Listening Part 1

You will hear people talking in eight different situations. For questions 1-8, choose the best answer A, B or C.

1   You hear a flight attendant talking about taking long flights.

      What is he doing?

      A   warning against certain passenger behaviour

      B   explaining why passengers should do certain things

      C   complaining about a certain kind of passenger

2   You hear a patient talking to a diet expert about taking vitamins.

      The expert thinks that the patient should

      A   approach a doctor for further advice.

      B   focus his efforts on cooking healthy food.

      C   be aware of the expense of taking vitamins.

3   You hear two friends talking about a yoga class they have attended.

      What do they agree about?

      A   how unfamiliar the exercises were

      B   how tiring the exercises were to do

      C   how likely they are to practise the exercises

4   You hear a university student leaving a message for a department secretary.

      What is the purpose of the student’s call?

      A   to apologise for missing a class

      B   to request feedback on her presentation

      C   to arrange a meeting with her tutor

5   You hear a woman talking to her colleague about leaving her job.

      How does the woman feel?

      A   proud of what her colleagues have achieved

      B   satisfied she has made a success of her role

      C   pleased she has made some good friends

6   You hear a student talking about his idea for a project with his tutor.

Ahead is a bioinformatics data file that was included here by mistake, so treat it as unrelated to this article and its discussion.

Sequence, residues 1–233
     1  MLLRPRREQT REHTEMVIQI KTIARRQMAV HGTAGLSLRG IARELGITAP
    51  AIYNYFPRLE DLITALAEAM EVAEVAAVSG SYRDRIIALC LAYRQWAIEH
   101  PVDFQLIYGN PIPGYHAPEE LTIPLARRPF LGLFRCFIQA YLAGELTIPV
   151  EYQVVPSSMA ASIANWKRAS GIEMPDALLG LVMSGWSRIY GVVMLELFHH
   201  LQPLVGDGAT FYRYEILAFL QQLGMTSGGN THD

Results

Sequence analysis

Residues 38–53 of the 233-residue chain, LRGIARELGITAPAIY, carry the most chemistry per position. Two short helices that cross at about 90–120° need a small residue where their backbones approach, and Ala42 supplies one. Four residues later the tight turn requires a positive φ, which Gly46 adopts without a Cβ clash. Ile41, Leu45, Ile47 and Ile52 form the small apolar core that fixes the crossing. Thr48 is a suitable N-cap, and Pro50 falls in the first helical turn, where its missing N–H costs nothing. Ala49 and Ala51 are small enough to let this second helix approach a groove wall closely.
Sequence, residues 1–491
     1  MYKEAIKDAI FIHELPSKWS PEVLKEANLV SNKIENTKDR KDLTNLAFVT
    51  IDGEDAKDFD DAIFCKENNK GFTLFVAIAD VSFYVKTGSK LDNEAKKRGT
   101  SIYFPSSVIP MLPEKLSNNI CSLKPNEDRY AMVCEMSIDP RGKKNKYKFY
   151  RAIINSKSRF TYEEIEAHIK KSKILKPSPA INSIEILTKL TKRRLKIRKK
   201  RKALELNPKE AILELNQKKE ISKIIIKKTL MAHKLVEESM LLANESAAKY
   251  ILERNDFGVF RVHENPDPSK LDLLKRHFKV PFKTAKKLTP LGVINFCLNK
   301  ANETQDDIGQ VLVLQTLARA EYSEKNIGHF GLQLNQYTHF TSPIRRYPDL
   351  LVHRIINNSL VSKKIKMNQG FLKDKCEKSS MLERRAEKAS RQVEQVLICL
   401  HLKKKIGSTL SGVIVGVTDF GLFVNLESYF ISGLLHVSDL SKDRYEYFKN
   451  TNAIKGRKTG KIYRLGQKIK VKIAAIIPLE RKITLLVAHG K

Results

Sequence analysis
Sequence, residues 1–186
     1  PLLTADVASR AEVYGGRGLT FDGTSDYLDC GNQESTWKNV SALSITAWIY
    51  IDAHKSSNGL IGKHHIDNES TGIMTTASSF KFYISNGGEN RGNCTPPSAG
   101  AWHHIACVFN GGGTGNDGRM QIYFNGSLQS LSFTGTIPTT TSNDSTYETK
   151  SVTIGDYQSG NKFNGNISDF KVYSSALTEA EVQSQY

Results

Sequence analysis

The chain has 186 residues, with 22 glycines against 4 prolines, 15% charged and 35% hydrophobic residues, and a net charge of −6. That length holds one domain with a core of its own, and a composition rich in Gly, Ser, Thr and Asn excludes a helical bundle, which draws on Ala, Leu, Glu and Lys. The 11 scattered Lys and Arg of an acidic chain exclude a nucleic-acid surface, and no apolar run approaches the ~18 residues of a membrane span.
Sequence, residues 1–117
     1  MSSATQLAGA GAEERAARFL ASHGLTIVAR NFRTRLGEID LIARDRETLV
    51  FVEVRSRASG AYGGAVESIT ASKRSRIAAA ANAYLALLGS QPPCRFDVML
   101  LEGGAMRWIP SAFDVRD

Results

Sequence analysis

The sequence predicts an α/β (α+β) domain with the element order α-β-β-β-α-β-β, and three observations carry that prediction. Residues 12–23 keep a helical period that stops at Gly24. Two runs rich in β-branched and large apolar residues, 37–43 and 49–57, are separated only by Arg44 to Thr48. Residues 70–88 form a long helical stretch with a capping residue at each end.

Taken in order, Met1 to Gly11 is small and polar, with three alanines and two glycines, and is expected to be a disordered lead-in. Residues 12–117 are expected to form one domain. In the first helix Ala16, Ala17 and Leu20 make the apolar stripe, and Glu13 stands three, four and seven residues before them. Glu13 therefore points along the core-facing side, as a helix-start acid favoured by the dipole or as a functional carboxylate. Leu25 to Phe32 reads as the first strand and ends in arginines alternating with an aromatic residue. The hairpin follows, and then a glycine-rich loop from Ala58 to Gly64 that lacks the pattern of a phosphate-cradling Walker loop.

The tutor is concerned that the student.

      A   will need to widen his topic area.

      B   has forgotten about part of the process.

      C   hasn’t done enough background reading.

7   You hear a man telling a friend about his work.

      What does he say about it?

      A   It is often misunderstood.

      B   It isn’t as creative as he’d like.

      C   He’d prefer to do something else.

8   You hear part of a radio talk about training horses.

      The woman is of the opinion that

      A   horse-training is better left to experts.

      B   training a horse isn’t as hard as it seems.

      C   horses can react well to training.

Answer & Audioscript

1 B   2 B   3 A   4 C   5 B   6 B   7 A   8 C


1   You hear a flight attendant talking about taking long flights.

One of the most frequent complaints I hear from air passengers is lack of leg-room. No one wants to sit scrunched up in a ball for hours on end. Checking the seating plan of the plane you’re taking will help you identify areas where there’s space to stretch out – usually at the back, though there’s increased engine noise there. Passengers tend to stand and move around in the aisles – I won’t advise against this as it keeps blood moving round the body – though we do need to keep asking them to sit down while we’re serving refreshments.

2   You hear a patient talking to a diet expert about taking vitamins.

A:   What do you think about taking vitamin pills?

B:   I’ve always believed that if you eat a balanced diet, there’s little reason to. It depends how much effort you put into preparing healthy meals, which is what I’d encourage. It’s tempting not to bother if you’re taking vitamin supplements – you rely on them instead.

A:   So, you’re against the idea?

B:   I wouldn’t say that exactly. Occasionally your doctor might prescribe you a particular vitamin if your body’s lacking in something. Anyway, it’s up to you. Vitamin pills tend to be more affordable than they used to be – but check the recommended daily amounts carefully.